By Kohl Edelweiss
Enenuru ANE discussion board
The main article on Ancient Iran is by Marguerite Del Giudice and she writes broadly about the Iranian’s and what she understands as their distinct connection to the past, their Persian heritage, their pride in the tradition of their country extending back to Ancient Iran. This pride is somewhat complex because of the notable times Iran had been invaded and forced deal with influxes of foreign culture: (for example) The Turks, the Mongols and most lastingly, the Arabs.
Del Giudice records that on her research trip to Iran she received a very distinct form of hospitality from her hosts and from the Iranians in general; all were concerned about her needs and ensured her needs were met. She explains “in Iran a guest is accorded highest status, the sweetest piece of the fruit, the most comfortable place to sit. It’s part of a complex system of ritual politeness –taarof – that governs the subtext of life here.” The author adds that the word taarof is based on the Arabic root “arafa” which means ‘to know’, or ‘to aquire knowledge of.’ But the idea of taarof – to abase one self while exalting another – is Persian in origin and it has been described as “fighting for the lower hand.”
Throughout the article it is stressed that the Iranians have always maintained a sense of their own identity and their own heritage stretching back to the Persians (550 – 330 BC) and before them the Elamites (2400 – 539BC). The country because of its geography and location, a center point between the west and Asiatic east, and because of its wealth, was repeatedly occupied and the inhabitants had no where to escape to.. However, Del Guidice notes “The Iranians seem particularly proud of the capacity to get along with others by assimilating compatible aspects of the invader’s ways without surrendering their own – a cultural elasticity that is at the heart of their Persian identity.” She explains that they like to say that their conquerors have “gone Persian” like Alexander, who after laying waste to the vanquished, adopted its cultural and administrative practices, took a Persian wife (Roxana), and ordered thousands of his troops to do the same in a mass wedding.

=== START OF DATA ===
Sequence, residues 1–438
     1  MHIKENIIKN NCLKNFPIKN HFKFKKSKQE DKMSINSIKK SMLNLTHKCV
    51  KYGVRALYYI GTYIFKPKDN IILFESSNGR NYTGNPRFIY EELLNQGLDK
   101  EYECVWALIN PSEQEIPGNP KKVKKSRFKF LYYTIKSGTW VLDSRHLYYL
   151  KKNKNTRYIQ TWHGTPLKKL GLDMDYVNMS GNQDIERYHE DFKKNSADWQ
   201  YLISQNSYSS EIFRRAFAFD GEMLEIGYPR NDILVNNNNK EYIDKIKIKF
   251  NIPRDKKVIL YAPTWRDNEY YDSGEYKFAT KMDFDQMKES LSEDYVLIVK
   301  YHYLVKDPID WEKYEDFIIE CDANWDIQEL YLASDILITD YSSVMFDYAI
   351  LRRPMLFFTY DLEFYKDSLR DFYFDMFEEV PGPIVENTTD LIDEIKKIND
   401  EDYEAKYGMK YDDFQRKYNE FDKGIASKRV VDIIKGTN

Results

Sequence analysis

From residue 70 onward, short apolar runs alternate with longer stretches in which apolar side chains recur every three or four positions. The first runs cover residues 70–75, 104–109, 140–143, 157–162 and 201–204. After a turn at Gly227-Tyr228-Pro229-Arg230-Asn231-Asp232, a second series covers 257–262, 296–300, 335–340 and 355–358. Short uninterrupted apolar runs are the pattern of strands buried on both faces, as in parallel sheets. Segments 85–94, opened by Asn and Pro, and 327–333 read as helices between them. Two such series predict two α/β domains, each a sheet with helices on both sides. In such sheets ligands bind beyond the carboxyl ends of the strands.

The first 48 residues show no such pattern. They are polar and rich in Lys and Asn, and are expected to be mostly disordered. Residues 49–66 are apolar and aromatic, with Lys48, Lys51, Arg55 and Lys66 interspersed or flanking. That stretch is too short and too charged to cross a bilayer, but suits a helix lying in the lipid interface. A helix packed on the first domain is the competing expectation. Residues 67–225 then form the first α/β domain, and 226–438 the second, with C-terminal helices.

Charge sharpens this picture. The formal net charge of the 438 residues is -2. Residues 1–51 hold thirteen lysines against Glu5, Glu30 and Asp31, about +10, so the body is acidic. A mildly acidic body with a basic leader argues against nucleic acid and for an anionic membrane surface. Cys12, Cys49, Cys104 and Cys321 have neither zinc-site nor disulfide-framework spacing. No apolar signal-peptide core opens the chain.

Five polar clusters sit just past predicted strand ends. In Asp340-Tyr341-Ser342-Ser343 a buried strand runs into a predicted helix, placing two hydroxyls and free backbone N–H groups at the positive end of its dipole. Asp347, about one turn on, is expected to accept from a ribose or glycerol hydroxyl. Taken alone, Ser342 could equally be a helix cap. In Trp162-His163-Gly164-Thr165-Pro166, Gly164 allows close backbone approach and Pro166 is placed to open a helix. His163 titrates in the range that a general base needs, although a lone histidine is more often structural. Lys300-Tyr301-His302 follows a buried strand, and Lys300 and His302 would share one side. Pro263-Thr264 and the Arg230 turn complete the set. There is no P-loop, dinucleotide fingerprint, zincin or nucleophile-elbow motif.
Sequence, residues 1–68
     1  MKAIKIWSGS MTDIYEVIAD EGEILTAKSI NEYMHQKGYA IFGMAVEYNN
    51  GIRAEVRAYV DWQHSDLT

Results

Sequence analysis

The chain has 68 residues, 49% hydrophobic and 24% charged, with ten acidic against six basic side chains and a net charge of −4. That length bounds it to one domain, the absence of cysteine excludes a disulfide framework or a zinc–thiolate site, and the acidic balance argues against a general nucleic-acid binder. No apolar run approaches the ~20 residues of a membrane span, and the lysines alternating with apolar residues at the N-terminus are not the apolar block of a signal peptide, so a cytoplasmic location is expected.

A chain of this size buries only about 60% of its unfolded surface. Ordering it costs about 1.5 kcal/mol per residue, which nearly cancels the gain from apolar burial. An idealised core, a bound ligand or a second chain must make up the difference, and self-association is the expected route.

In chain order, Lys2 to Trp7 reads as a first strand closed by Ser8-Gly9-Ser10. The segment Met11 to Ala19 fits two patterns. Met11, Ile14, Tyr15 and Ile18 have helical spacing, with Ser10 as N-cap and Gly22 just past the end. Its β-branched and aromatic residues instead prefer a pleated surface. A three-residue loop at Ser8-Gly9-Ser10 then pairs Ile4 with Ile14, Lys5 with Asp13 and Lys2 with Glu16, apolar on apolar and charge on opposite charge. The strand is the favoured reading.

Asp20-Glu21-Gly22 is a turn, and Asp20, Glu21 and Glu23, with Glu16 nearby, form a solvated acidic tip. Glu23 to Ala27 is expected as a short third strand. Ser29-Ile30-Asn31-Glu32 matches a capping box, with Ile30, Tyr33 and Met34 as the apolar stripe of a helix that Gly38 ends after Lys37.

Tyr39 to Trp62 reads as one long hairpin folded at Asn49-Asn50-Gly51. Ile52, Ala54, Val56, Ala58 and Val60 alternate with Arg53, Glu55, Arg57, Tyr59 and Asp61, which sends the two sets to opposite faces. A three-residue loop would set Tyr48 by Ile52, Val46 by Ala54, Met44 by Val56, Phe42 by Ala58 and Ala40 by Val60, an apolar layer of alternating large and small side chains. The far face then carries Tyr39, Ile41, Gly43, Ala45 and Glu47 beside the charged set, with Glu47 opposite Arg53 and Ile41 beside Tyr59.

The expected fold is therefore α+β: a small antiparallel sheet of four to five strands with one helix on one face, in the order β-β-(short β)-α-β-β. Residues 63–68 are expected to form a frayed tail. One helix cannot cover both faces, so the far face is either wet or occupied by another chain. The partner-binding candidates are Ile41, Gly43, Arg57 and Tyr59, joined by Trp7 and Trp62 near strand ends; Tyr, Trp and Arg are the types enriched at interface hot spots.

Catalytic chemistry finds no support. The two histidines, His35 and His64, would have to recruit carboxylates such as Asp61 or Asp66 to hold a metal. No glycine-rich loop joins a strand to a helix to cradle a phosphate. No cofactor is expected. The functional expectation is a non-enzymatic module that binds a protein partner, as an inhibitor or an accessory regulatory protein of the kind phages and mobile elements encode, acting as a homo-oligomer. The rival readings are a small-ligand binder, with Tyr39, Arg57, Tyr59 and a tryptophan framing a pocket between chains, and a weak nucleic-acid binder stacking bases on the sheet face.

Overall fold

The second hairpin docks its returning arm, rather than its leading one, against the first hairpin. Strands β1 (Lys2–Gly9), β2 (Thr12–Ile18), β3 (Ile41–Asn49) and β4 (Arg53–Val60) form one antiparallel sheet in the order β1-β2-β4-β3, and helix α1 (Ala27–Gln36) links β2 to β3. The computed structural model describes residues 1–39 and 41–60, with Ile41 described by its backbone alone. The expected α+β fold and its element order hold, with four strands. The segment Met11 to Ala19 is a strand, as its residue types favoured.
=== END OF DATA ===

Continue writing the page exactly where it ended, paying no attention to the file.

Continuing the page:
This type of passive resistance, and subtle cultural preservation, may be at the root taarof, or in some way this history may have inspired that peculiar sense of hospitality.
(Ziggurat at Dur Untash)
Something I haven’t been aware of as someone focused on Mesopotamia (and having a disgracefully small amount of reading about Iran), is that the Elamites did in fact have Ziggurats much like those found in Mesopotamia. Browsing through this issue of National Geographic, on page 52-53 there is a really nice one picture which scanned (see attachment.) The accompanying comment to this picture reads:
“Choga Zanbil – Long before the Persians arrived, the Elamites (ca 2400 to 539 BC) had built one of the world’s early civilizations in southwestern Iran. At a high point in their power in the 13th century BC, the mighty ziggurat in the city of Dur Untash towered over the realm. Partly restored, it is one of the largest ziggurats in the world. The Elamites’ cultural influence continued after their world was absorbed by Persia.”
Will have to read more on Iranian Ziggurats.
But what made me really pick up this issue was the mention of a possible find spot for Aratta! This city should be interesting to all you fans and readers of such epics as “Enmerkerand the Lord of Aratta” (1) Or Enmerkar and En-suḫgir-ana (2)
According to the literature then, the early kings of Uruk had a particular concern with Aratta. In Gilgamesh and Huwawa (t.184.108.40.206.1) it is suggested that knowledge of the location of Aratta is a feat in itself “In heaven they shine ……, raising ……; on earth they know the way even to Aratta.” In this and other literature, Aratta is held to be a “pure place” and to hold riches and resources (undoubtedly a reason why it concerned the kings Uruk).. for example, like in a praise poem to Shulgi (t.220.127.116.11) “I filled it with treasures like those of holy Aratta.” For some musing on the occurrence of magic in the texts dealing with the Urukian kings and Aratta, I have made some notes back on this thread:
Despite all of the intrigue this material generated among ANE enthusiasts, on the archaeological side of things Aratta has remained a lost city. While I believe there have been a few debunked theories as to where it may have been, the most exciting possibility I have heard is a new find spot mentioned in this National Geographic article: recent digs in 2000 at a site near the city of Jiroft, have lead the excavators to theorize that they may have found Aratta! Yousef Madjidzadeh appears to be in charge of the dig and is an expert on third millennium archaeology. However, one must temper their enthusiasm as the theory that this is Aratta is accompanied by the comment “Thus far there is no proof…” 0_0 The story of the dig Jiroft and Madjidzadeh’s efforts are interesting and details can be read here:
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